I stumbled across an excellent opinion piece today about kids and potential. Psychologist Steven Hayes tells how his son, who was diagnosed as a little kid with a muscle-weakness disorder called hypotonia, went on to become a MMA Black Belt in high school.

Hayes’s point is not that every kid can become anything they want, but instead that things like diagnosed disorders, standardized tests, and personality types only tell us averages, they don’t magically predict the future. In short, he says, “People are individuals, not averages.”

I’ve written about this before in this post, and I think it’s central for homeschoolers: We shouldn’t be too specific about what we demand that our kids excel at, because some kids just might not be built to get beyond basic proficiency in certain subjects. But as Hayes says, we certainly shouldn’t put limits on what our kids can accomplish, just because they start out slow. It may be they’ll remain slower than average in some subject or other despite all our best efforts, but on the other hand they might surprise us.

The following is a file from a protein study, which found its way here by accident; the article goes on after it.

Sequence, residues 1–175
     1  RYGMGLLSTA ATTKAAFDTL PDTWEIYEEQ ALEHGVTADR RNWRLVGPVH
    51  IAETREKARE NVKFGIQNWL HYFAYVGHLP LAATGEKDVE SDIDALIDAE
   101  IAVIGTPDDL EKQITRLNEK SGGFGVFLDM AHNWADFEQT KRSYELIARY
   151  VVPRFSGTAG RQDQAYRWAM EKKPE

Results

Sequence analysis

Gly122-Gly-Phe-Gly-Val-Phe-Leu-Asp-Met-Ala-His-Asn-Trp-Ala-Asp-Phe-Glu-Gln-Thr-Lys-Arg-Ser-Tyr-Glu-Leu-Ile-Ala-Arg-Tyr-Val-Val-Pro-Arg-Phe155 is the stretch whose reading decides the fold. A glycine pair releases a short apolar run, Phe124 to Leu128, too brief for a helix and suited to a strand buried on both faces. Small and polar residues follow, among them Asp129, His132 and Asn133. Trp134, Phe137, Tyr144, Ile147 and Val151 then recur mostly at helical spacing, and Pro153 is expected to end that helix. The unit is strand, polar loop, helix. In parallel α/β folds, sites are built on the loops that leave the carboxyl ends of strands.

For us parents, it also poses a big spiritual question: Can we and our kids live well with the uncertainty of knowing the future is always a mystery? Can we keep a flexible hope for good things, and a healthy sense of purpose for our kids, when unexpected doors open or close because of what our kids find they can or can’t do in the long run? And can we deal with regret when our kids don’t become what we had hoped, even if we may never know how much the failure was rooted in genetics, or in our kid’s character, or in our family life, or in our teaching methods?

What I hope to cultivate each day is a love for the mystery of it all. I’ll look at what my kids seem “naturally” good at, and try to encourage those things, to be sure. And I’ll insist on basic proficiency in key subjects like reading, writing, math, foreign language, music, religion, and physical education. But I’ll also try to keep the pressure light and help them find their own way, so that I can meet my kids over and over again as they continue to become something new.

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